Dustin MillerWhile I crank out a steady diet of disposable vignettes, a friend of mine focuses on far more resonant fare. You all remember Dustin Miller - my old cohort and collaborator from The Stupid Years. Back then, he was a snickering college kid with bangs in his face and a sputtering Volvo full of REM bootlegs. Upon entry of his first TV establishment, he fell under the sway of a strangely eloquent camera-dork and together we tore through the corridors of one badly aging CBS affiliate. These days Dustin’s all growed up and living in Wilmington, where he’s the director of UNCW’s Department of Media Production. Academia, however, hasn’t encumbered Dustin’s storytelling verve. He continues to produce potent documentaries - and his latest just may be his greatest.

The Marines of Montford Point weaves together archival photos and survivor interviews to chronicle the segregation of black Marines in World War II. Trained at Montford Point, North Carolina, many African-Americans Marines fought and died in the Pacific Theatre and elsewhere to precious little acclaim. It’s reported that even combat photogs of the day assiduously avoided recording any non-Caucasian valor. It’s the kind of deeply woven racism that turns battle footage into war propaganda, lessening the value of those captured images considerably. Now, Dustin and company seek to reconcile this particular sin of the moving image.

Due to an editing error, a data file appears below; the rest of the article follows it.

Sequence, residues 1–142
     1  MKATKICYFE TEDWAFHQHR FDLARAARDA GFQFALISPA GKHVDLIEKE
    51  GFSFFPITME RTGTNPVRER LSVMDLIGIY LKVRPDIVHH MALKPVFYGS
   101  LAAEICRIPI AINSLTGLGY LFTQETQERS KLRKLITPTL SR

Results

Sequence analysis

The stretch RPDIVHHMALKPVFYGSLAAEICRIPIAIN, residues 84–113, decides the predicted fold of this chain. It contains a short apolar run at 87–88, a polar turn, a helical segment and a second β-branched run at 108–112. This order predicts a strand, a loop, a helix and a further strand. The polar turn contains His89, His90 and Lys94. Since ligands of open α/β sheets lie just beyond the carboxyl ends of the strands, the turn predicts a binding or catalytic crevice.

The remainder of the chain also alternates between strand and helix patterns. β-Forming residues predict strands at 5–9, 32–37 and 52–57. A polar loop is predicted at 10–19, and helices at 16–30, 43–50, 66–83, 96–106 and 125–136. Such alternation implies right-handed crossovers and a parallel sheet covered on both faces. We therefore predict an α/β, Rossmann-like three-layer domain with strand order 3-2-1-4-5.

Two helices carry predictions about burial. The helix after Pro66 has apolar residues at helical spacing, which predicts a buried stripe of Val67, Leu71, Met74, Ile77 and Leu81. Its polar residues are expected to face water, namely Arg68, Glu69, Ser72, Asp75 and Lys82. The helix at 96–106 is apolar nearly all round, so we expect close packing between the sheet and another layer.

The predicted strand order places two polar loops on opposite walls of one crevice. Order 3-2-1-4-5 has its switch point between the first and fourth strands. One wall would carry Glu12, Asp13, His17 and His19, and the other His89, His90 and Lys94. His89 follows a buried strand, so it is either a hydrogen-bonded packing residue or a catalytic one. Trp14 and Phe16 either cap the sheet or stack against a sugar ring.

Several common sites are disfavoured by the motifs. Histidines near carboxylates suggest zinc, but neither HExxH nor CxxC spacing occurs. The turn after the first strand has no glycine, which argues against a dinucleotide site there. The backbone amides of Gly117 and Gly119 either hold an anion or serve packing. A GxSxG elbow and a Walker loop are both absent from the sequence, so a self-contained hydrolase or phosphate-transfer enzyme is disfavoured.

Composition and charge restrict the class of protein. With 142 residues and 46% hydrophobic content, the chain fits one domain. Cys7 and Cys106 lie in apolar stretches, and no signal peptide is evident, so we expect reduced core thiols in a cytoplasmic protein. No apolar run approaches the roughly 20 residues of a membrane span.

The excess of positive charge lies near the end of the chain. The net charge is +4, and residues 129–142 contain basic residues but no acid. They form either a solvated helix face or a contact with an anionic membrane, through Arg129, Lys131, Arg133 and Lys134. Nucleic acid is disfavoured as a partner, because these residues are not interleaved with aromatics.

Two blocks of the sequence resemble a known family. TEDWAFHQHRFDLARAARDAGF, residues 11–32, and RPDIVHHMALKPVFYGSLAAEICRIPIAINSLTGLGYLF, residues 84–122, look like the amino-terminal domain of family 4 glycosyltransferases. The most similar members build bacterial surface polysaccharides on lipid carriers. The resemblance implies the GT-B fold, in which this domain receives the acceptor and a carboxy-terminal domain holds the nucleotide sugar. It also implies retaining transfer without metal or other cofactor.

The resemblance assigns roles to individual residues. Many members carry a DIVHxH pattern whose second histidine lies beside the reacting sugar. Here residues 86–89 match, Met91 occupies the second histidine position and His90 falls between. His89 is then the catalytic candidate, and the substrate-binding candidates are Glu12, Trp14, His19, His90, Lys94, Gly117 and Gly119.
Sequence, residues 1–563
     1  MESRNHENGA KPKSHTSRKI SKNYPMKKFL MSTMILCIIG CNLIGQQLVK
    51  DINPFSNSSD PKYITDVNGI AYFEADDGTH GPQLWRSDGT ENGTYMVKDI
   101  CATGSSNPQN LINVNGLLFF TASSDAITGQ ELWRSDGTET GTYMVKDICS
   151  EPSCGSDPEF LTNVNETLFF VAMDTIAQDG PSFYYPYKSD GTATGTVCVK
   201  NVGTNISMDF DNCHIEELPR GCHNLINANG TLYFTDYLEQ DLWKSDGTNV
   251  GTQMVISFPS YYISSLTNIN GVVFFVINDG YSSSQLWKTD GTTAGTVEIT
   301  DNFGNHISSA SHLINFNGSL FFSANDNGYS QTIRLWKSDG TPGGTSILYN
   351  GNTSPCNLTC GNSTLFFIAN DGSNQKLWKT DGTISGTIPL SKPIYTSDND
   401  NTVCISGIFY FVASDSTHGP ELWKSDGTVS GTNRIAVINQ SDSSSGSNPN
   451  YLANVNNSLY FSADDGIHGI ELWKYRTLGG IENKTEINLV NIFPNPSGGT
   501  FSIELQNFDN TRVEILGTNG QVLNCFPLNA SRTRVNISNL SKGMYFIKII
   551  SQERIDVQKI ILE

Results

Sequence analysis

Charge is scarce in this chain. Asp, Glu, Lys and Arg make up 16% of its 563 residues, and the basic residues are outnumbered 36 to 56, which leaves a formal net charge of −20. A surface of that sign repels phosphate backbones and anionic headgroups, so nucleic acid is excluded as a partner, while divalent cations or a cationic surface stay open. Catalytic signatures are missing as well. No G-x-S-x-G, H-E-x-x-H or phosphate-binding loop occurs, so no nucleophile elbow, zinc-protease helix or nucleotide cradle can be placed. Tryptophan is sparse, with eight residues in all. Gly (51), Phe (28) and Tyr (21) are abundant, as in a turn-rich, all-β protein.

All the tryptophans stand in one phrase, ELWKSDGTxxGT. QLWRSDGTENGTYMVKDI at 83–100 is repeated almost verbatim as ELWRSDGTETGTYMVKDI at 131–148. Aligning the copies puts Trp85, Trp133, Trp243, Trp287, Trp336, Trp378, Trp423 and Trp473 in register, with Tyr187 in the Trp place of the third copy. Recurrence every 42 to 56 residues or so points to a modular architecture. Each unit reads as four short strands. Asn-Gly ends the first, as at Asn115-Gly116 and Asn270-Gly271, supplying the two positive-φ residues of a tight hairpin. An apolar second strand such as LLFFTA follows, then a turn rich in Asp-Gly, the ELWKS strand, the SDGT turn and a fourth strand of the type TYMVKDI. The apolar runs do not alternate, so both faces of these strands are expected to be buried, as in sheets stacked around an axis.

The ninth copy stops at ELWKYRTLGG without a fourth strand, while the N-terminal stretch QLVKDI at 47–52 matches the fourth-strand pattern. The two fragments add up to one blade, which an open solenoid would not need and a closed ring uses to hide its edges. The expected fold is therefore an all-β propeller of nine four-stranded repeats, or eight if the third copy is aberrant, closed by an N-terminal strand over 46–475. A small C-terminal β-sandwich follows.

Written and directed by , UNCW Professor Emeritus Melton McLaurin, the hour long documentary is narrated by Lou Gossett Jr., who bagged an Oscar for detonating his role as the explosive drill instructor in An Officer and a Gentleman. More importantly, the Montford Marines themselves took part, sixty of them sitting down before Dustin's cameras to lead the way back through their painful, pioneering ordeal. Last week, about forty of those men attended a premiere screening, where they later commiserated with far-flung foxhole buddies as well as Gossett himself. My buddy was there too, giving soundbites to a curious press and explaining how the University is aiming for a national audience by pitching their film to PBS, BET and The History Channel. My only hope is that at some point during the gala evening, he realized just how far he'd come from roaming the halls of Channel Nine after midnight.

Thursday, November 16, 2006

The Dudes Abide

The Dudes AbideGive it up for Kevin Woodard and Michael Van Dyke - two righteous Greensboro dudes I caught chillin' by a most odiferous Sam's Club trashcan this morning. Why, you ask? They're part of the Gamer Nation, a global cabal of sore-thumbed hoodlums currently agog over the pending arrival of PlayStation 3. Since the last console I owned was the original Nintendo, I can't speak to the finer points of the PS3's staggering graphics. But I do know a thing or two about electronic obsessions and since one man's blog is another man's game box, I won't cast aspersions on the fellas idea of a good time. Besides, as I sit here warm and cozy in my upstairs lair, these cats are still fidgeting in the shadow of one smelly-ass trashcan. Here's hoping it'll all seem worth it when they're soon immersed in the wholesale slaughter of homicidal space creatures from the relative safety of their favorite couch...